It is everywhere. The advice, the suggestions, the tips for parents, usually with a disclaimer that it is important to trust your gut, and to remember that there is no absolute right way to parent. This is true. A parenting style is personal, individual, and most of all ever-shifting. Classes and books offer a roadmap, but what about when you seem to get derailed and the map no longer holds true.
Parents often ask professionals for general tips and tricks for communication and with specific language to use in difficult moments. Here are some phrases that may work well during challenging conversations, and with a few small edits on your part (replacing simple language with more complex ways of communicating), you might find you can use a similar approach for children of any age.
Acknowledgement: Often the greatest reward that you can offer your child is your attention. To keep them focused, to build and maintain connection, and to model healthy communication, it helps to say:
- I see you doing…
- I hear you saying…
- I notice that…
- Thank you for…
- It makes me feel good when…
Getting Kids to Talk: When you don’t know exactly how to get the conversation going, or when your child is reluctant to talk, try this:
- I want to understand.
- Tell me more about that.
- How did that feel for you?
- It seems like you…
Addressing Challenges: Children of all ages look to adults as a guide. They take their cues from us, and our voice becomes their internal voice. Our reactions impact their motivation, courage, and sense of self. When your child is frustrated or having a hard time with something, it helps to say:
- You tackled that challenge.
- That sounds hard but I believe in you and so I think you can…
- That seems to be getting easier for you!
- You might feel like you can’t, but it is important to try…
- Remember back when you didn’t know how to__________ and you learned it? It wasn’t easy at first, but now you know how. This new challenge will be like that too.
Getting Kids to Help: We all know how wonderful it is to receive help, but how do we encourage children to respond positively to our requests? Most often, when we use the following phrases, we see positive results.
- You made my job easier when you…
- You are good at_____. Would you use this skill to help me by…
- You don’t have to understand, and you don’t have to agree, but you do need to be a listener, helper, and team player despite that.
- It feels good to help you when you help me because it feels like we are doing things together.
Disappointments and Strong Feelings: Children (of all ages) struggle to understand their emotions and explain them to others. We see them shut down, loose motivation, question their abilities, criticize themselves, and at times project their feelings onto those around them. Different situations, varying emotions (rage, anger, frustration), and specific environments (school, home, the grocery store) call for different responses to feelings. Honoring their emotions, putting the feelings aside, trusting that feelings change, and finding a way to not be defined by the feelings is complex. We can help them with this by saying:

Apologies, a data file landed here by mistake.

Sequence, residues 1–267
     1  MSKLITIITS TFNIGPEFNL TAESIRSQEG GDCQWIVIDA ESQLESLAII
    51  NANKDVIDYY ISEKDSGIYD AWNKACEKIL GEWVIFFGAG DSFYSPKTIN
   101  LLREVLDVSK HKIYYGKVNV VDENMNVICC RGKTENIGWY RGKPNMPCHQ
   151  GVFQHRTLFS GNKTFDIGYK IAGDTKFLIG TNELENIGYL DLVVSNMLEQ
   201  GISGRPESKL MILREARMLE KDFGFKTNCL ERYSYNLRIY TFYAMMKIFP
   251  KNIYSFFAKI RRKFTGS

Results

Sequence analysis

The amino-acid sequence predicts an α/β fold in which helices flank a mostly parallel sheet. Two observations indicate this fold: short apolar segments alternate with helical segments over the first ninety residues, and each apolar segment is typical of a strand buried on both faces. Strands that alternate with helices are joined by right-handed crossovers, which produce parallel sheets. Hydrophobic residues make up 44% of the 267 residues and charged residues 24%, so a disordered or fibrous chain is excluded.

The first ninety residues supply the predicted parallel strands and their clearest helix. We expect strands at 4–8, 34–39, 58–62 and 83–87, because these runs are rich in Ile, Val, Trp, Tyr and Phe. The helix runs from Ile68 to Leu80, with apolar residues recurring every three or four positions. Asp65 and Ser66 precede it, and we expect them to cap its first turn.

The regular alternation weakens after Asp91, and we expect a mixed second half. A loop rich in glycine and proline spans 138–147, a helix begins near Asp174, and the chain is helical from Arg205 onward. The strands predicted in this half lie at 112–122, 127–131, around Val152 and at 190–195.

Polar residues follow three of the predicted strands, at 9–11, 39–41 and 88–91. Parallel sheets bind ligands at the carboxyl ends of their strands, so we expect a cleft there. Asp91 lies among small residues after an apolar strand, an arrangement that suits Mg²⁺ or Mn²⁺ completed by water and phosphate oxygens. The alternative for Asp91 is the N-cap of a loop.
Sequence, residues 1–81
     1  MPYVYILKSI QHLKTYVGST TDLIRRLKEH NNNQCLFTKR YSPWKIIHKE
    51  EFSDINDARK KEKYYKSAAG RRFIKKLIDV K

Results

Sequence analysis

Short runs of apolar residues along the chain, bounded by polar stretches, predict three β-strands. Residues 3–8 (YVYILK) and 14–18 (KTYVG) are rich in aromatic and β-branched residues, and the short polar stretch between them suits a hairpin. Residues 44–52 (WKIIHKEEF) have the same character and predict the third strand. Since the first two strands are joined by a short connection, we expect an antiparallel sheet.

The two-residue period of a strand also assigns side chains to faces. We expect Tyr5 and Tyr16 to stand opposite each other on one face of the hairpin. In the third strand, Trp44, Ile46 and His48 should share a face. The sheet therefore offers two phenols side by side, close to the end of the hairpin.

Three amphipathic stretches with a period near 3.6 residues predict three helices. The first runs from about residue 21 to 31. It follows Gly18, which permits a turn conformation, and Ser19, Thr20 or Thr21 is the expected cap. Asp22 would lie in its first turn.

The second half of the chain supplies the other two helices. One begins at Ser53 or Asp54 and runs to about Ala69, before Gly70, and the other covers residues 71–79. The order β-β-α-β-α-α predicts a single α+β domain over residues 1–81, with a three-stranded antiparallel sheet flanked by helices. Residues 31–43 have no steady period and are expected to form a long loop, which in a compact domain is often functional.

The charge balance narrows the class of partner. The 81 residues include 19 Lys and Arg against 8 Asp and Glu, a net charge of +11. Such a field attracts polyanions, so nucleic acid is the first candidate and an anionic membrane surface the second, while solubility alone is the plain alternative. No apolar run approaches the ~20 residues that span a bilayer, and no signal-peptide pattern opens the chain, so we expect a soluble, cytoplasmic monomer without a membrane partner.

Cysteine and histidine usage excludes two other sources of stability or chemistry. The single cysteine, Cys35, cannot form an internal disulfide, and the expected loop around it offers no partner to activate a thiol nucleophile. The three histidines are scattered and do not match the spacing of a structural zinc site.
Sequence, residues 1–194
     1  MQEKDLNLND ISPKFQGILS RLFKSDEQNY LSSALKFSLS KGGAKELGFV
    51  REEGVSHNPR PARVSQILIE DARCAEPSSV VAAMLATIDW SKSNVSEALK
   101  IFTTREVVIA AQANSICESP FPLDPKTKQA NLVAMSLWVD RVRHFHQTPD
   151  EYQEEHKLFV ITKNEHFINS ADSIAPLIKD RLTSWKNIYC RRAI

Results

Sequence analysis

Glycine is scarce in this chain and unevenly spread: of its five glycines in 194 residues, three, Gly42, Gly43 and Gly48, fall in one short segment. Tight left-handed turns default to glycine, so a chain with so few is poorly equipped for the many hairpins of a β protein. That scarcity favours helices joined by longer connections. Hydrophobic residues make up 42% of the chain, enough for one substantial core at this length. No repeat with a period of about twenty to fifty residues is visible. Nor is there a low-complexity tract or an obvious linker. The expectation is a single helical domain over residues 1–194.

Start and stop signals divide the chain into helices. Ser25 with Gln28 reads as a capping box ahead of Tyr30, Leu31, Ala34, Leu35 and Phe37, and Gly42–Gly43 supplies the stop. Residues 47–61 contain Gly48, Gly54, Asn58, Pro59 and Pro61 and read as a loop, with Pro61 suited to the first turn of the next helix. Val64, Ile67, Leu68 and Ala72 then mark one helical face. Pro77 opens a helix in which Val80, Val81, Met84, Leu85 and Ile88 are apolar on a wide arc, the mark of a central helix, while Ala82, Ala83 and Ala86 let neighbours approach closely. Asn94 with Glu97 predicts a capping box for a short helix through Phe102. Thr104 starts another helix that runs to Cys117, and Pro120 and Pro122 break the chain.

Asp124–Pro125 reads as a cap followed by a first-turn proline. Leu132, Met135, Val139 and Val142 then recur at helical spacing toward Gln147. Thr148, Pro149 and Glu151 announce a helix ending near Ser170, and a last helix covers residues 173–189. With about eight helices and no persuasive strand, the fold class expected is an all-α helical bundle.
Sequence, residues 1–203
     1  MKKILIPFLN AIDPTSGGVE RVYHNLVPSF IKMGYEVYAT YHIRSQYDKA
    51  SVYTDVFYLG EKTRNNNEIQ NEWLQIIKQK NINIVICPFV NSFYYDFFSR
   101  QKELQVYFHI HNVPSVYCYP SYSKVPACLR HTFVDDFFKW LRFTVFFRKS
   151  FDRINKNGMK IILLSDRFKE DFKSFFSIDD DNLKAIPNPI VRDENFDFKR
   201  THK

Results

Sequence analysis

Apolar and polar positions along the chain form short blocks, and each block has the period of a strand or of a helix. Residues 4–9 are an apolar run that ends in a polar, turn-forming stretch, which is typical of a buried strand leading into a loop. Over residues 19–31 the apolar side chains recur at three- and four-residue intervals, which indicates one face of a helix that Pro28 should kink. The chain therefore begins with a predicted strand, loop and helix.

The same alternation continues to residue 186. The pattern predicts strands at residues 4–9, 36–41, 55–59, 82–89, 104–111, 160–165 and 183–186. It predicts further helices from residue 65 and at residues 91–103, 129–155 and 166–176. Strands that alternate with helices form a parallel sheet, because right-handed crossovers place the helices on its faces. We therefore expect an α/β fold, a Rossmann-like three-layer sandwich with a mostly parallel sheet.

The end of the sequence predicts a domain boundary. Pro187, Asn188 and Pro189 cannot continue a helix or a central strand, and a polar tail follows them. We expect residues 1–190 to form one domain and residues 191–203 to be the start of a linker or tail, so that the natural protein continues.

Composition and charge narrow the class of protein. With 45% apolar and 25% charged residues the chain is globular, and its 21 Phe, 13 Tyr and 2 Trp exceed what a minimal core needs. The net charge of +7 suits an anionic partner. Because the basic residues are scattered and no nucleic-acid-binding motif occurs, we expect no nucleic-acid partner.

- Your brain might be struggling to understand, but you can still make a good choice. Your body might feel out of control, but you can still make a good choice.
- I can see you feel __________ and wonder if it would help you to (cry, yell into a pillow, tell me how mad you are, take some quiet time)? I will be here when you are ready to return. I might not be able to change how you are feeling but I do want to understand.
- You feel this way now, and I know it feels like it will be forever. Feelings aren’t facts. Feelings change. Let’s trust that these feelings will pass and new ones will come.
- There are no guarantees, and I can’t make a promise about that, because things come up and situations change, but I do hear you and I can see how important this is to you. If we can’t make it happen, we can work together to come up with another idea which will probably feel better to you than feeling that you have to give it up completely.
Keep in mind that trying to have logical discussions during a time when your child is steeped in strong feelings is not easy. Take a break, wait until everyone is calm, and then come back together for a conversation. Feel free to contact us at Parents Place if you need help during especially tricky situations with your children.
Liana Unger, MSW, is Parents Place Coordinator in Sonoma County.
In addition to her role as Parents Place Coordinator, Liana is available for mental health consultations with clients. She specializes in anxiety, depression, mood disorders, relationship problems, treating drug and alcohol addiction, dual-diagnoses conditions, and psychosomatic illnesses. Her strength-based approach focuses on attachment and family dynamics with an integration of relaxation and mindfulness techniques. Aiming to support the whole person – mind, body, and heart – she weaves together traditional psychodynamic and cognitive interventions with mindfulness practices and somatic techniques.
At Parents Place, Liana balances her clinical skills with parent coaching and consultation and the Triple P Positive Parenting Program. A native of the Los Angeles area, Liana received her bachelor’s degree at Sonoma State University and her master’s degree in social work, with a family and children concentration, from the University of Southern California.
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